This past weekend, I was able to meet my new niece, Adeline, for the very first time. She’s already 8 weeks old, but because she lives in Southern California and I’m in Northern California, I haven’t been able to meet her until now. She’s still little, which means many of our conversations consisted of me telling her about the world, and she pooping in my arms.
Adeline is now the 3rd baby in my family, but there are 15 years between her and my youngest kid. I had my kids young. I was 20 when my daughter was born (she’s now 18), and 23 when my son was born (he’s now 15). Back then, I had no idea what I was doing. I had parenting books that contradicted each other. But that didn’t matter because I just read them and did what I wanted, anyway. We made so many mistakes back in those days. But we also did what was right for our family. We must have done okay, because the kids are still alive. 🙂
My sister, Melissa, and I are in completely different worlds right now. She and her husband are adjusting to a sleep-deprived schedule of feedings, diaper changes, and tip-toeing around the house while the baby is sleeping. Everything revolves around their new daughter, and 5 minutes of personal time is now a luxury.
I’m on the other end of the spectrum. I went through the sleep-deprived and kid-centric schedule while my peers were making questionable choices in their college years. But it all paid off. While my peers (and sister!) are having babies now, I’m preparing for the empty nest, and experiencing tons of free time. Well, sort of. I’m busy, but it’s with my own stuff instead of a crazy kid-filled schedule. I did my time in the mommy groups, as a school helper, on the sidelines of the soccer games, in the audience of the dance recitals, cheering on the baseball teams, and struggling through homework I no longer understand.
Now, my kids are leaving the dependent stage and becoming more like friends. They choose to hang out with me, instead of tagging along by obligation. My daughter, who works at Whole Foods, now takes ME shopping (organic food at an employee discount!). My son asks to go out to coffee with me, even offering to pay just so he can have some mom-time (and probably because that’s a sure way for me to insist on paying). They negotiate with me instead of just going along with whatever I say. And while I am sometimes frustrated that it’s not “my way or the highway,” I think I prefer it this way.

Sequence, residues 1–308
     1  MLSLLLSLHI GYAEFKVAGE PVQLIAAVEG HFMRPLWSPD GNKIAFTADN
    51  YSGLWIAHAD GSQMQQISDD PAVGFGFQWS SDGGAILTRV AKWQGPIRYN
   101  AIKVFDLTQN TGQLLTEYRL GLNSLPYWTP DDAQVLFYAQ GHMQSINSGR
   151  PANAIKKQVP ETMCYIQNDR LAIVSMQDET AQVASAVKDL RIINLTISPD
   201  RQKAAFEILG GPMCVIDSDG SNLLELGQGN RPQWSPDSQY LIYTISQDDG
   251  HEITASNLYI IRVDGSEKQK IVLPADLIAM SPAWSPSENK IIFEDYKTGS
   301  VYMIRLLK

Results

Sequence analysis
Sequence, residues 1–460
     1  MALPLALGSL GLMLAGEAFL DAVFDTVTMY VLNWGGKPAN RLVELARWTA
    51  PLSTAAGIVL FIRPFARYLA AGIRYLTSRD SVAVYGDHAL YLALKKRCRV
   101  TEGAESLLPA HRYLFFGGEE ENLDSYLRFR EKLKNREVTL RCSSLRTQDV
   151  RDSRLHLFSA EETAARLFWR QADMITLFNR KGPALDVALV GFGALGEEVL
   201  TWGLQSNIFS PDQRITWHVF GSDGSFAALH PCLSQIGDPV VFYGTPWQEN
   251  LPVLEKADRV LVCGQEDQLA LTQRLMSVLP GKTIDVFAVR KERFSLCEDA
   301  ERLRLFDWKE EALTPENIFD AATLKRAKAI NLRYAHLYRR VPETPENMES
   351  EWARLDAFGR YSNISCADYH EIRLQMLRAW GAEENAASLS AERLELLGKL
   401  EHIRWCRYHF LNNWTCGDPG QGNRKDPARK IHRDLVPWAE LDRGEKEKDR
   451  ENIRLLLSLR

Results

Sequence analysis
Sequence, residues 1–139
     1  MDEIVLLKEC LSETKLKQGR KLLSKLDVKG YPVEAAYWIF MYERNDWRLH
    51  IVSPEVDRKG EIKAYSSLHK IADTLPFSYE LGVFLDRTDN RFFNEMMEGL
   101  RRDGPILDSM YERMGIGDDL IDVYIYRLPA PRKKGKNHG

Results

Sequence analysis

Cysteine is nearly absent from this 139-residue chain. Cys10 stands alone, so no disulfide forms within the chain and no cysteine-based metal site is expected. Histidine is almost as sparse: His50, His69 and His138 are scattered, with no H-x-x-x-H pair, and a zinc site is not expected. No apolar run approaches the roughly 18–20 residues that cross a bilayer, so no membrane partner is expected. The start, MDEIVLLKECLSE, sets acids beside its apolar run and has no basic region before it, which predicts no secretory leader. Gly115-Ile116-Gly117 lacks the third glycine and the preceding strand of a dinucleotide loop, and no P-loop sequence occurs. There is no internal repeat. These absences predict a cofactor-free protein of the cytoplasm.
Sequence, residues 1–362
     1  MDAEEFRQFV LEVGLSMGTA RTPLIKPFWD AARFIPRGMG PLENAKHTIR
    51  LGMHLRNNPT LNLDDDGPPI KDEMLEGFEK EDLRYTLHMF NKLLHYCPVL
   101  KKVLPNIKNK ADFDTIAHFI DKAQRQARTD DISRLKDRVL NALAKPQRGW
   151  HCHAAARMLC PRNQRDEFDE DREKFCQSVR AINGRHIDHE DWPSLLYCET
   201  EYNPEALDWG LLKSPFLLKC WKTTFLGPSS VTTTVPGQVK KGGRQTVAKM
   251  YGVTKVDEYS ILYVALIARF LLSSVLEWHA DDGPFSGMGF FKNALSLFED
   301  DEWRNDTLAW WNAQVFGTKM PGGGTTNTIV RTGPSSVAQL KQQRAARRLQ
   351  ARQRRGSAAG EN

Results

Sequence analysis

They also have their own lives, spending a lot of time with friends and away from the house. I’m starting to get a feel of what it will be like when they’re on their own and my husband and I get to enjoy a quiet house. It will be both wonderful and a bit too quiet. I know I’ll miss laughing at my son’s everyday inappropriate jokes, or letting off steam through a venting session with my daughter. But I also know we’ll all survive this next stage of life, just like we’ve survived all the previous ones.
One thing’s for certain – I am so glad to be done with the baby stage! Being around Adeline, I was reminded about how much work caring for a baby really is. Every second of every day was devoted to her needs. During my stay, I did my best to help my sister with a few household chores, loads and loads of laundry, sorting baby clothes, and taking turns rocking Adeline when she was fussy. But I think the one thing my sister appreciated the most was when she got to spend an hour coloring her hair and taking a long, hot shower while I took care of the baby. She may not get this chance again for awhile. But no worries. In 18 years she’ll have her time back again. 🙂
Meanwhile, I need to figure out when I can see this sweet little girl again. Her baby years are going to pass by in the blink of an eye! After all, I blinked and now my baby is going to college.